It was roughly 19 years ago and he knew what happened. I was not surprised. He never ceases to amaze me.

He changed the game. He always thinks about the game.

We now have first-round picks in the NHL that are from California. They remember the day Wayne was traded to the Kings like it was yesterday. They will be NHL players because of him and his influence in the non-hockey markets. They are now called hockey markets. It’s pretty amazing stuff.

Wayne could have chosen any team he wanted when that trade went through. He could have gone to Detroit for one. But he knew that franchise was in good shape and it would be for a long time.

But in LA, he could change everything there. And he did.

They were the first team in LA to sell out their season tickets. They did so before the Rams, Dodgers and Lakers. Amazing.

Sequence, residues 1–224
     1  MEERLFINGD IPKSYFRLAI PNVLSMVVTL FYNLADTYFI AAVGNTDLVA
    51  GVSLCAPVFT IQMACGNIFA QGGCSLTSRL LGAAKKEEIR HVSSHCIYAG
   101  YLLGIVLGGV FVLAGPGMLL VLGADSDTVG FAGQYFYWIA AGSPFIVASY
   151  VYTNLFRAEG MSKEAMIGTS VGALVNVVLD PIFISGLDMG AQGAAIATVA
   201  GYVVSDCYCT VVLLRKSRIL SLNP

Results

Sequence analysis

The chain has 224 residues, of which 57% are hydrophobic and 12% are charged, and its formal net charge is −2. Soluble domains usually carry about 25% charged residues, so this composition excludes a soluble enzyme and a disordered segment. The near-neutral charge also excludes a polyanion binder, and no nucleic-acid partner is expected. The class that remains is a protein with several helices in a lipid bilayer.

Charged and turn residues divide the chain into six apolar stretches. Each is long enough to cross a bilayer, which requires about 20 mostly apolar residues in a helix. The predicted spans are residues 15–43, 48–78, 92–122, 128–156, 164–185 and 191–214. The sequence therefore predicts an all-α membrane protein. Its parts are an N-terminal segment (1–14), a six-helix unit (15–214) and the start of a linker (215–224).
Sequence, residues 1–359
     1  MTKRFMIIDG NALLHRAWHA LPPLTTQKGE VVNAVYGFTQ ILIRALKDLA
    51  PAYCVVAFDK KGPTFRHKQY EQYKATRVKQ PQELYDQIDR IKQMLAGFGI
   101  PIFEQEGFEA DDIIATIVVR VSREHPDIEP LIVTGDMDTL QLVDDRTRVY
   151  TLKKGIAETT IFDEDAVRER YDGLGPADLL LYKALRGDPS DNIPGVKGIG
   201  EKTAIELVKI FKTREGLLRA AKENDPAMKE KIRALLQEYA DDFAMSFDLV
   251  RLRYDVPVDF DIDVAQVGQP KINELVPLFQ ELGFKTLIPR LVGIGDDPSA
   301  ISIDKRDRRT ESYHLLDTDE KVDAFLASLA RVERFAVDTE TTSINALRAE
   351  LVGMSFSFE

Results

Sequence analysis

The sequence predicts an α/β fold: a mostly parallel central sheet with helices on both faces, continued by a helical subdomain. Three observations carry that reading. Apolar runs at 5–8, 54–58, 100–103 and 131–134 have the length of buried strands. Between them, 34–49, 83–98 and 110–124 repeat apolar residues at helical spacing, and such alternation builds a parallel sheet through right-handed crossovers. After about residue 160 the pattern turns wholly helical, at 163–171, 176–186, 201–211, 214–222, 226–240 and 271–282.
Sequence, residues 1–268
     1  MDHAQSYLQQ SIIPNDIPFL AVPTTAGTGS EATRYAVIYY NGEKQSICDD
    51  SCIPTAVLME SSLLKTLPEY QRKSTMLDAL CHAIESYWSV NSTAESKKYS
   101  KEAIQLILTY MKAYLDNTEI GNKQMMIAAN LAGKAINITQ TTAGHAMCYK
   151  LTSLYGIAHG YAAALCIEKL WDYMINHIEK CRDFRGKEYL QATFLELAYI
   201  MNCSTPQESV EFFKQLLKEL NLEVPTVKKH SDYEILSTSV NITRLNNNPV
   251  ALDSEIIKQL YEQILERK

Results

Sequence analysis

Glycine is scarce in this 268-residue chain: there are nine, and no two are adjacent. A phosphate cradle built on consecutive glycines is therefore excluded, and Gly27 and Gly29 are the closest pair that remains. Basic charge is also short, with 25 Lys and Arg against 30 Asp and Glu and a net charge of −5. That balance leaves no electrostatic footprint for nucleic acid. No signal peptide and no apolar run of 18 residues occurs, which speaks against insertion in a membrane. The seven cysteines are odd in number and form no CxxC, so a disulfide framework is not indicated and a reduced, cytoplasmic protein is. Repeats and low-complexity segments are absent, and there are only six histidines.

All because of Wayne Douglas Gretzky.
This season is a celebration. If not for that trade, where would hockey be in these so-called non-traditional hockey markets? There would be no Stanley Cup in Tampa Bay. None in Carolina. San Jose wouldn't be knocking on the door. Dallas wouldn't have won it’s in 1999. Anaheim? Not a chance if not for Wayne.

I was far too naive when Wayne was traded to LA. I didn't quite see the future of hockey. I never envisioned the sharp, aluminum shafted Easton stick. I certainly did not think of celebrities watching our great game, and not for a minute did I think he could carry the Kings to the Finals in only his fourth season there, only to lose to Montreal in five games.

What a great ride that was. These are phenomenal memories.

When you see Wayne Gretzky behind the bench of one of the NHL's most exciting young teams, the Phoenix Coyotes, think of what this trade meant for your hockey market, your memories as a kid and maybe your child's as well. Stand up and clap. No one could have done what Wayne did. Not in any sport.